Have you brought your clients up to speed on the Prime Minister’s new innovation agenda? You should.
First there was the mining boom; now there’s the nationally focussed #ideasboom.
Say a client asks you what the ideas boom offers them. “Not much — it’s all about science and big universities” is the wrong answer. Innovation is also about changing and adapting your business to better serve the marketplace. It’s about increasing productivity and improving performance for all businesses.
Small to medium sized business owners (SMEs) often feel isolated and lonely running their business. Yes, it can be lonely at the top, making all the decisions, being the motivation and inspiration all the time.
They need a trusted advisor — someone like you, their accountant, who they already trust with their financial security. Your clients need your leadership. If it is not going to be you, it will be the next accountant or business coach in the line.
Here’s what you need to do to get your slice of the innovation pie:
Make it relevant
- Many SMEs may be struggling to see any relevance of the innovation agenda to their business. Innovation is possible in any business; become the catalyst for it.
- Use the #ideasboom to position yourself within the national innovation framework to engage targeted clients in discussions beyond taxes and cash flow. Be proactive about helping your clients meet existing goals.
- Don’t let your clients ‘check out’ of the #ideasboom before it has even begun.
- Consume as much material on innovation and entrepreneurship as you can.
- Understand the meaning of entrepreneur in terms of a startup business verses existing businesses.
- Discover the startup scene in your area and gain some insight into the bright, enthusiastic and talented local community.
- Start at Federal Government’s Innovation website.
Keep it real
- Don’t get swept away with enthusiasm of the startup scene. Not every great idea is profitable, or able to raise capital.
- Start with your existing clients. As you learn, share your knowledge.
- Bring your clients together. Educate them on what innovation is, how they can learn from startups and the information of the ideas boom.
- Facilitate a client forum to bounce ideas off other business owners, building your client base into your network of innovators.
- Help each client walk away from your #ideasboom session with at least one innovative idea to pursue (large or small).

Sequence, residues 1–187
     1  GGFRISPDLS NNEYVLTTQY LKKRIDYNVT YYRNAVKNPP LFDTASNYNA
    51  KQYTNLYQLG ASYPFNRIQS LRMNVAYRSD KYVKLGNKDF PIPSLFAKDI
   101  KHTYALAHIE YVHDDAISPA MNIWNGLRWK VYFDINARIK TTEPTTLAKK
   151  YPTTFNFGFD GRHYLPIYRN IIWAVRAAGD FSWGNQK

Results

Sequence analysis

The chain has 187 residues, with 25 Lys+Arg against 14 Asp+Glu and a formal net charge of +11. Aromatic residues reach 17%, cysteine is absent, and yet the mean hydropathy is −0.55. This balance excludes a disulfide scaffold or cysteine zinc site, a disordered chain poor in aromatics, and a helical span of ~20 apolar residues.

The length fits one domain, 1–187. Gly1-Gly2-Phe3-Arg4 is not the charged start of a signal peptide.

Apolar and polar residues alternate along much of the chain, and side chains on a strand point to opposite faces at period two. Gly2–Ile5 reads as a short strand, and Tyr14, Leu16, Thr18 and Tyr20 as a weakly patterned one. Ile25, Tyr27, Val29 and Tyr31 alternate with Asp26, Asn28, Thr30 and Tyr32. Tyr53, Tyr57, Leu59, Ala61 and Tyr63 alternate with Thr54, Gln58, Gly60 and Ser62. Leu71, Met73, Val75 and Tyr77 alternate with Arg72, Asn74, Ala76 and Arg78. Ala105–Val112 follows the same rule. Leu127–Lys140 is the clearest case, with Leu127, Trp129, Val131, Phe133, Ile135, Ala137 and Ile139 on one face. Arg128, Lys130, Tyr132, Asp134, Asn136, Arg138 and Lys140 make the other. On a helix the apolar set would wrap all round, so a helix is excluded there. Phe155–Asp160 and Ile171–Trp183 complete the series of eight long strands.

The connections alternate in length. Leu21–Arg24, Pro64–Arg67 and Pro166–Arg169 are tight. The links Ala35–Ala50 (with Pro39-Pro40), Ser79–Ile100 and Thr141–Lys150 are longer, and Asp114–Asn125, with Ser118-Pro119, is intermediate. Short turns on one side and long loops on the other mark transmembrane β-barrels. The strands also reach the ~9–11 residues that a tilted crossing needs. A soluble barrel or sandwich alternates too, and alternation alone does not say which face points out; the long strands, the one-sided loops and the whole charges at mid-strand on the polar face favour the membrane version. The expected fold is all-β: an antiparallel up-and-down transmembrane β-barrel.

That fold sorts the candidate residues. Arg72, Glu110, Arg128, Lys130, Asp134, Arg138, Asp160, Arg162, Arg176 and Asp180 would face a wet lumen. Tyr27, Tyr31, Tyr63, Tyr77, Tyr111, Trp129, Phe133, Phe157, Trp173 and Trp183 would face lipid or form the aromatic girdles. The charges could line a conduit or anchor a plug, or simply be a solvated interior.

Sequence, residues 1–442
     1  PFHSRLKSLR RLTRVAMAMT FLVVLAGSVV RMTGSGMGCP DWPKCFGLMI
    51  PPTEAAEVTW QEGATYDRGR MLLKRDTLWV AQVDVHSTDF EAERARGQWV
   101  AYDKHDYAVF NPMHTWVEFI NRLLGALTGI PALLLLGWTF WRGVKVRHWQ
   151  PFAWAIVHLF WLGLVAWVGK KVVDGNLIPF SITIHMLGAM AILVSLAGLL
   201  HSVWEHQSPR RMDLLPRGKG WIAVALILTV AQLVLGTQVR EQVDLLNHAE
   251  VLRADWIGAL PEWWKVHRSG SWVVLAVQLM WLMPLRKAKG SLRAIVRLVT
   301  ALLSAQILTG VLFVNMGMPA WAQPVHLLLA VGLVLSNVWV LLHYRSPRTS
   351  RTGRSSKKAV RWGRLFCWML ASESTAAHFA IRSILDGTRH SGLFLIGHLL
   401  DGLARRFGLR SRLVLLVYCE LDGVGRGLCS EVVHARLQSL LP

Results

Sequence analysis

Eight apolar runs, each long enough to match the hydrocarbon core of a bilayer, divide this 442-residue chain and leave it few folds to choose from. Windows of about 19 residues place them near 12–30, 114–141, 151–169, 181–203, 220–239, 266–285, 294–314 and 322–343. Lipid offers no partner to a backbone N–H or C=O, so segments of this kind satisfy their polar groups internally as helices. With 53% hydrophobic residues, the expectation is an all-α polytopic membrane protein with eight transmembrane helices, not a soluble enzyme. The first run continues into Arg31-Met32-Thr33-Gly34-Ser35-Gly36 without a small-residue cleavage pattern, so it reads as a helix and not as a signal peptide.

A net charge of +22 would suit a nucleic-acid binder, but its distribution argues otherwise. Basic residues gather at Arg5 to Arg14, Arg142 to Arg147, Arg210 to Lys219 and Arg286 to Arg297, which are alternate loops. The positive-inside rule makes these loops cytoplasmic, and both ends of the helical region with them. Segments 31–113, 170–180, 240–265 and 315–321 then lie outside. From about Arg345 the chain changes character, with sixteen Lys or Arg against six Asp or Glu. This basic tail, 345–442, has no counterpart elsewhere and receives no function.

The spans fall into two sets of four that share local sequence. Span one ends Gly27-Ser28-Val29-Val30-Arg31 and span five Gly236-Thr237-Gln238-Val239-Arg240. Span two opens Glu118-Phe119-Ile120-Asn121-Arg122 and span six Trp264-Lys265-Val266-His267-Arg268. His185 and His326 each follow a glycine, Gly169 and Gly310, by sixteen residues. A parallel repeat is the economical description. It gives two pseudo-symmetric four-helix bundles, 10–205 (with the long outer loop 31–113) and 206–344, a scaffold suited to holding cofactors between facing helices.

- Encourage each client to bring their own employees together for a similar dedicated session to seek new ideas about their current business process, products or untapped opportunities.
Be an agent for change
- Why let your clients go to other to be inspired? Develop your knowledge, and by seeing you in a new light, new opportunities for your business will arise.
- To be an agent for a change in the way your clients think, act and innovate, you too must change. Take the first steps; select an idea and get going.
- It is hard to be the catalyst for change when you can’t change yourself. Lead by example: leverage the marketing and materials of the #ideasboom to innovate and change not only your business, but that of your clients as well.
- After you have helped your clients assemble all their good ideas, rank and select the feasible innovations to go after. Set up an innovation monitoring process to track goals.
- Make sure the innovation targets are SMART (specific, measurable, achievable, relevant and time-bound). It could be as simple as adding it to your existing client scorecard or reports.
- Meet with your clients in time slots allocated specifically to project innovation. Discuss progress and provide advice and guidance.
- Don’t flog a dead horse: some ideas are great but just have to be left on the table. Some clients won’t want to change, and that’s OK. Work with the ones who need you.
Become an agent for change and a catalyst for innovation.
By becoming the go-to person for innovation, you will grow your your own business and help clients innovate and change their way of thinking and acting.
Disclaimer: This information is general in nature and is subject to change without notice. No representation is made as to how accurate, current or complete the information is, even though every effort has been taken to ensure this is the case. This general information is not a substitute for independent professional advice and users should obtain any appropriate accounting, legal or other professional advice relevant to their particular circumstances.